13 Baluardo di San Lorenzo
The Baluardo di San Lorenzo (Bastion of San Lorenzo) stands on the site of the ancient Castelnuovo bastion, dismantled between 1562 and 1572. Built in 1583 and renovated in the papal period, along with the previous Baluardo di San Paolo (Bastion of San Paolo), this structure constitutes part of the defensive system built to protect the Porta Paola gate, which was built in 1612. At the beginning of the twentieth century, the top of the bastion was used for the weekly market, and was commonly known as the “horse market”.

14 Porta Paola
The current structure was built in 1612 in accordance with the plans drawn by Ferrarese architect Giovan Battista Aleotti, who designed it in honour of the reigning Pope Paolo V Borghese, from which the name Porta Paola derives. Porta Paola is the most prestigious monumental archways in the city of Ferrara, particularly with regard to its late Mannerist and proto-Baroque architectural language.

15 Baluardi di Santa Maria e di San Paolo
These two “baluardi” or bastions are the only testament to the fortress that was built between 1608 and 1618; the build was managed by Mario Farnese and Pompeo Targone, working alongside Giovan Battista Aleotti. In 1618, the fortress was well equipped, with five arrow bastions, the barracks, the depositories, the gunpowder magazines, the armouries, the residence of the
castellan and the church of Santa Maria dell’Annunziata. In 1805, Napoleon decreed that the complex should be partially dismantled, but the fortress was reborn after 1814. It then remained untouched until 1859, when the decision was made to demolish the structure once and for all. Only the bastions of Santa Maria and San Paolo and the Marian church left still standing, even if the church was later destroyed by bombs in the Second World War. On the embankment of the two bastions, the statue depicting Paul V making a sign of
blessing is still visible: the work of Giovanni Lucca Genovese, it was placed at the centre of the fortress in 1618.

16 Porta catena e Saliente
Up to the point at which Corso Porta Po and Viale Cavour meet (which, during the Este era, was occupied by the Porta di San Benedetto), the only structure of note is a trapezoidal salient. To the north of this, in 1938, two archways were built (and reconstructed in 1958): these were known as the Porta Catena, due to the proximity of the access structure of the same name that was entirely razed to the ground by the bombings of 1944. The original Porta Catena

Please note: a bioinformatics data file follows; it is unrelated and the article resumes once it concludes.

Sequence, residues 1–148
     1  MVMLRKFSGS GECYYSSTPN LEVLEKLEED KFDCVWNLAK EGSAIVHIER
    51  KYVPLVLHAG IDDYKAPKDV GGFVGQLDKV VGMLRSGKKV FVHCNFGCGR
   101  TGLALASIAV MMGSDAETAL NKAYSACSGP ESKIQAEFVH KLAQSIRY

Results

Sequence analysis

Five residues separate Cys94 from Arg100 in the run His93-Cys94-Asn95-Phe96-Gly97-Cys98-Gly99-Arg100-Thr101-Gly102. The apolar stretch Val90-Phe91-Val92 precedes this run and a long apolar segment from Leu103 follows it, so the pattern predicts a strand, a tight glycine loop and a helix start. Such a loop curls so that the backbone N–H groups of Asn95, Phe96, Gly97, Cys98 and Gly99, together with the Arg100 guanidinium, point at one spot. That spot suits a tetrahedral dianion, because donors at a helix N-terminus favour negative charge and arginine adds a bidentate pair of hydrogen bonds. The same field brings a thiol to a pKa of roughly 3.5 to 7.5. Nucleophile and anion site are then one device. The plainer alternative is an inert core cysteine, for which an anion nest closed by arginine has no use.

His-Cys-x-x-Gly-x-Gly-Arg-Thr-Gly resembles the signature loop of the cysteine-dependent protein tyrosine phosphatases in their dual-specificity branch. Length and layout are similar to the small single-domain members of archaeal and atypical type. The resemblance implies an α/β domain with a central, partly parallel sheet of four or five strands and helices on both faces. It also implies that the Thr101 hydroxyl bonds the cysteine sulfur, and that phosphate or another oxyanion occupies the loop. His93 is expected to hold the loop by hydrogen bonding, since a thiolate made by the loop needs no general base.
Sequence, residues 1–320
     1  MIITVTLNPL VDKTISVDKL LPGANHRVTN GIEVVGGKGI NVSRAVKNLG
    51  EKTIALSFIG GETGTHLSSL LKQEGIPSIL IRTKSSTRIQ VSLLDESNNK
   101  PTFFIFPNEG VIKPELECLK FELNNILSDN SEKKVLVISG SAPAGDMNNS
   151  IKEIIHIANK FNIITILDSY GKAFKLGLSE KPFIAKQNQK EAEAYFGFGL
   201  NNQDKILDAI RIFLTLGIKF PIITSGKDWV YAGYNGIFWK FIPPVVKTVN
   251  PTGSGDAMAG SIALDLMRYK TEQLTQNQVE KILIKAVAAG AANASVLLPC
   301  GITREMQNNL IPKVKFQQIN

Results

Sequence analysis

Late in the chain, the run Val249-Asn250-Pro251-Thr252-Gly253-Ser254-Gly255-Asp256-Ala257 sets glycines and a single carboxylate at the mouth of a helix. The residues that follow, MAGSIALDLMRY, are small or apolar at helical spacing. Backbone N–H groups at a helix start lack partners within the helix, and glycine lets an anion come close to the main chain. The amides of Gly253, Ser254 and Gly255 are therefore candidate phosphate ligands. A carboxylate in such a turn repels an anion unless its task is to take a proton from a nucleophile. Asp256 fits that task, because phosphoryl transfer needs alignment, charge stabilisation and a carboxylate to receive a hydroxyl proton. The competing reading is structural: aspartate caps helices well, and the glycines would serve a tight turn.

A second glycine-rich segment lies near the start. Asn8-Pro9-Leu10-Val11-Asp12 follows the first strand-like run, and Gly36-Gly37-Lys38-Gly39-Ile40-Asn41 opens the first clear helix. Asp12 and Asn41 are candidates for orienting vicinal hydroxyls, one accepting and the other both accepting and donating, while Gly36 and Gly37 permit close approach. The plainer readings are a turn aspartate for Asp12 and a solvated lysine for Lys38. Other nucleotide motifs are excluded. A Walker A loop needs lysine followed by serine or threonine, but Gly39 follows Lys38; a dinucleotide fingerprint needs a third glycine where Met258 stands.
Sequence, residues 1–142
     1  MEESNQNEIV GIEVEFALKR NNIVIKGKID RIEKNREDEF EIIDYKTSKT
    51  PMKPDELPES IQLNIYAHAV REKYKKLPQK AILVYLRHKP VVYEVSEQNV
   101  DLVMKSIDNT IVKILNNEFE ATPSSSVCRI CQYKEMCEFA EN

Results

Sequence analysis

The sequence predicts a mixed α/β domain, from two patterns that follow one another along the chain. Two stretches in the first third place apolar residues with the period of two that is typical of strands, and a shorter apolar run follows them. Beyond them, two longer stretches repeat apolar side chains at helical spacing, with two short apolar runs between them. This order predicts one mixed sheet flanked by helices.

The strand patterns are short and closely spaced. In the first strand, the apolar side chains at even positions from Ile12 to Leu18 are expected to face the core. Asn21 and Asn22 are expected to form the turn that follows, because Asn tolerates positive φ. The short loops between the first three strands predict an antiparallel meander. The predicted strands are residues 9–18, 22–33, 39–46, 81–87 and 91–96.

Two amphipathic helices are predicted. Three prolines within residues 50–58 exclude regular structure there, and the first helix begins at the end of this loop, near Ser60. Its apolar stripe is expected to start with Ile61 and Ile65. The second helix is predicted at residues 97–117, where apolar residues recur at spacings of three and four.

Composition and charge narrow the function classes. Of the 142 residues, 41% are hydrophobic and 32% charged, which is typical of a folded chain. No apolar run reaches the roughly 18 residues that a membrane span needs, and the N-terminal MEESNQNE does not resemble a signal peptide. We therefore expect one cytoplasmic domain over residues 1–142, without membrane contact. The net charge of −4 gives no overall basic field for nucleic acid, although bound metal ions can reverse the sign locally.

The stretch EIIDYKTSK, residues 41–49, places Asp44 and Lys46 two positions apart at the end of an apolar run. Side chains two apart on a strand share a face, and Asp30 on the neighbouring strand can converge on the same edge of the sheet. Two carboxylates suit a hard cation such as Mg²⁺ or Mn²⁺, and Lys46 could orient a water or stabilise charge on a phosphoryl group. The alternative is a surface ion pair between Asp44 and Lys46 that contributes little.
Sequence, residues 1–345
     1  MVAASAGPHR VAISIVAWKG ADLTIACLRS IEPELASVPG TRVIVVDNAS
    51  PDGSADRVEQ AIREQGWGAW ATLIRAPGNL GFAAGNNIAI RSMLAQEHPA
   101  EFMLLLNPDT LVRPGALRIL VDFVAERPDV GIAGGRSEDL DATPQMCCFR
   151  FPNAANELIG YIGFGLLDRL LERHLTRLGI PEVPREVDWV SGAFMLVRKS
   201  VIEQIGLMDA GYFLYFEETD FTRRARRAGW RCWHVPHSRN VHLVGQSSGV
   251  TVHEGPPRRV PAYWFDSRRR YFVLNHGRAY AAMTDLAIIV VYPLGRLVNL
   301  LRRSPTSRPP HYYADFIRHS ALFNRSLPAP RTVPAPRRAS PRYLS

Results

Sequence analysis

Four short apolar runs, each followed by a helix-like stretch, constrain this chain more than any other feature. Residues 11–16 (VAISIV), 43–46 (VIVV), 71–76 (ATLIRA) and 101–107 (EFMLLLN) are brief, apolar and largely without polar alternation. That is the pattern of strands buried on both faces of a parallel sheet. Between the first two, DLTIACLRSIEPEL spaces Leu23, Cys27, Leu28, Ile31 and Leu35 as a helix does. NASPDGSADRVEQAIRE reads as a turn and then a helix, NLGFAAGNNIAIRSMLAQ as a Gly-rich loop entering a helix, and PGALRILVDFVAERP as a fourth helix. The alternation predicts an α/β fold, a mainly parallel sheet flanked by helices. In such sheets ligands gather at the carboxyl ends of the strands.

did not open onto the walls: it was a river port located at the mouth of the navigable canal that connected the Po in Pontelagoscuro to the Castello Estense (Este Castle) trench.

17 The flora around the walls
The park that runs along the walls of Ferrara hosts about 240 different species of herbs, trees and shrubs. It is also the urban location with the greatest number of rare species. So much wealth is due to the circular course of the walls and the presence of the wide surrounding ramparts, creating varying conditions of sunshine and humidity. The most common trees in the area are the European nettles and the black locusts. Also found in the areas between the walls and the rampart are plane trees, oaks, hornbeams, prunus of different species, white poplars, black poplars and cypress poplars, white willows.

18 The fauna around the walls
The walls of Ferrara are populated by numerous animal species. They are frequented by little owls, Italian sparrows, great tits and Eurasian blue tits, robins, blackbirds, jays, magpies, pigeons, swallows, swifts, common wood pigeons, grey crows and jackdaws, kestrels, owls, Eurasian collared doves. In the northern area, closer to the Po river, there are grey herons, egrets, moorhens, night herons and bitterns. Mammals include wild mice and house mice, bats, shrews and hedgehogs. Native amphibians and reptiles are present and protected by the regional law on “minor fauna” (Regional Law
15/2006), as the Italian emerald toad, the wall lizard and the whip snake. The insects include many pollinators.

Itinerary locations

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Ufficio Informazione e Accoglienza Turistica di Ferrara

Ferrara
Castello Estense
last modified Oct 16, 2019 11:15